SibSAU scientists to study historical traces of polar shipping along the Yenisei
In 2017, a team of scientists from the Siberian State Aerospace University (SibSAU) will undertake an ambitious project to identify and study historical evidence of polar shipping in the 18th-20th centuries in the Yenisei River mouth, the university's website announced.
Scientists will use sonar equipment to study the waters of the Yenisei River mouth and Yenisei Gulf and attempt to locate shipwrecks related to the development of the Northern Sea Route.
"Among the sites of particular interest is the British vessel Roddam, which sank during a Ministry of Communications expedition in 1905," the site said. "Side-scan sonar will be used to study the British steam schooner Thames, which sank in 1877-1878, and was found in 2016."
In 2017, the scientists also plan to conduct a repeat survey of the area from Dudinka to Vorontsov and will complete an expedition to the settlement of Dikson. One of the main objectives is to identify the place where the crew of the clipper ship Severnoye Siyaniye wintered in 1876-1877 on the Brekhovsky Islands. Information on the sunken Russian polar vessel will shed light on the history of shipbuilding in the Yenisei area and provide details on the ships' technical features and construction technology.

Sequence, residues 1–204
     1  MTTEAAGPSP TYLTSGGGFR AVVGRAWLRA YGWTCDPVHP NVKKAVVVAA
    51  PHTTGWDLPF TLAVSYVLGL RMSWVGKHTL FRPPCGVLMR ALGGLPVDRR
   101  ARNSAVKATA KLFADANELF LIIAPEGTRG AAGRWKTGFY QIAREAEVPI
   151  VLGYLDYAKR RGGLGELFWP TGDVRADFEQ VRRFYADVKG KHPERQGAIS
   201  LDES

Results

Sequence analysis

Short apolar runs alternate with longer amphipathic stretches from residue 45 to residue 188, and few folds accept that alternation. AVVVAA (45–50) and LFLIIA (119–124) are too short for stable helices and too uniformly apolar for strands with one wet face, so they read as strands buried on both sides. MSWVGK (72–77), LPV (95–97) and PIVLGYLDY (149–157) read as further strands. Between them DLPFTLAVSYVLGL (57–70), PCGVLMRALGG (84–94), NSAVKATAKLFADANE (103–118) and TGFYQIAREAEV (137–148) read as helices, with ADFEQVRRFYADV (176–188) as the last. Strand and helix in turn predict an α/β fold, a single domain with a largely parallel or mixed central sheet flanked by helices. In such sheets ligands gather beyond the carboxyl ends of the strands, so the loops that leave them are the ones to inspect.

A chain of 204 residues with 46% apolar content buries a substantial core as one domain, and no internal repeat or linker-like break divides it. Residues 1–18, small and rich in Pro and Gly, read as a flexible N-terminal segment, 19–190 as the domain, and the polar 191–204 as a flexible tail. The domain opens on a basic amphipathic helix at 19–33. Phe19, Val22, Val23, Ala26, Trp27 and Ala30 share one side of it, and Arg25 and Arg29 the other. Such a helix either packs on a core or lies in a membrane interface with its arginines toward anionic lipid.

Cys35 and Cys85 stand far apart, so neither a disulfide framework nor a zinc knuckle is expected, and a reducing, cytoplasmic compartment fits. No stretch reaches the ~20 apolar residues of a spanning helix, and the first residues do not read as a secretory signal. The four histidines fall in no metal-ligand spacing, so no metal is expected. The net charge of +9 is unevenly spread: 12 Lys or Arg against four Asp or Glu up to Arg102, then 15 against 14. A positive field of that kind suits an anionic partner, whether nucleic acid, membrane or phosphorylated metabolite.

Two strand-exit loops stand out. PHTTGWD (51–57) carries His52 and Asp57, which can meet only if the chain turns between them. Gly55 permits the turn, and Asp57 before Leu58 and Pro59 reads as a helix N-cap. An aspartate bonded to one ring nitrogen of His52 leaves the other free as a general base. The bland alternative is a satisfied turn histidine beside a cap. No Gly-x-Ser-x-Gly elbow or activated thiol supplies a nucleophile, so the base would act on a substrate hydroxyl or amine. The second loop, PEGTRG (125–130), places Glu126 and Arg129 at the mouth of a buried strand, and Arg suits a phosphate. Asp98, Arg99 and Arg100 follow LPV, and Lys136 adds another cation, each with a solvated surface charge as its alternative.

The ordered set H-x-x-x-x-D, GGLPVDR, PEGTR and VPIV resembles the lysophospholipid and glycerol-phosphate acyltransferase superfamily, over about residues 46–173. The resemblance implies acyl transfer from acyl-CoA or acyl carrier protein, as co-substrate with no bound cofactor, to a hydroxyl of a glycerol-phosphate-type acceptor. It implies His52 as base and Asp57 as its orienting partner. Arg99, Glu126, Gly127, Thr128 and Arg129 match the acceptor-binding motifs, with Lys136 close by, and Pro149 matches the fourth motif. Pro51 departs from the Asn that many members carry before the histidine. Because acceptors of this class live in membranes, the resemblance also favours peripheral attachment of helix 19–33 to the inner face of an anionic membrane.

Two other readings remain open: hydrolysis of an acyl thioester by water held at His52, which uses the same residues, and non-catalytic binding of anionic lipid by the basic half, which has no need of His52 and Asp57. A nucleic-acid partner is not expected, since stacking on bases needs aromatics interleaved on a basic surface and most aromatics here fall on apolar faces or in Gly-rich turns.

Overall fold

"We are actively introducing inter-disciplinary approaches such as earth remote sensing, sonar, and various physical methods that will shed light on the history of ship production and specification," said project head Alexander Goncharov, Ph.D. in History and assistant professor at SibSAU. "These studies will help us eventually build a similar ship ourselves. In order to carry out a number of historical experiments, we have plans to rebuild the first Russian ship, the schooner Utrennyaya Zarya, which took the Northern Sea Route in 1877 from Yeniseisk to St. Petersburg," he said.
In-depth archival work is currently underway as the scientists search for ship blueprints, technical specifications and construction processes. The studies will be used to build an exact replica of the ship by 2027, the 150th anniversary of the Utrennyaya Zarya's first voyage along the North Sea Route, with sponsorship from the Russian Geographical Society, and to repeat this historical experiment from Yeniseisk to St. Petersburg.
The expedition will also clarify the lower Yenisei's hydrography. The sunken vessels identified and the historical experiments carried out in shipping history, navigation and cartography will make it possible to open new routes along the north of Krasnoyarsk Territory and make the region more attractive for tourism.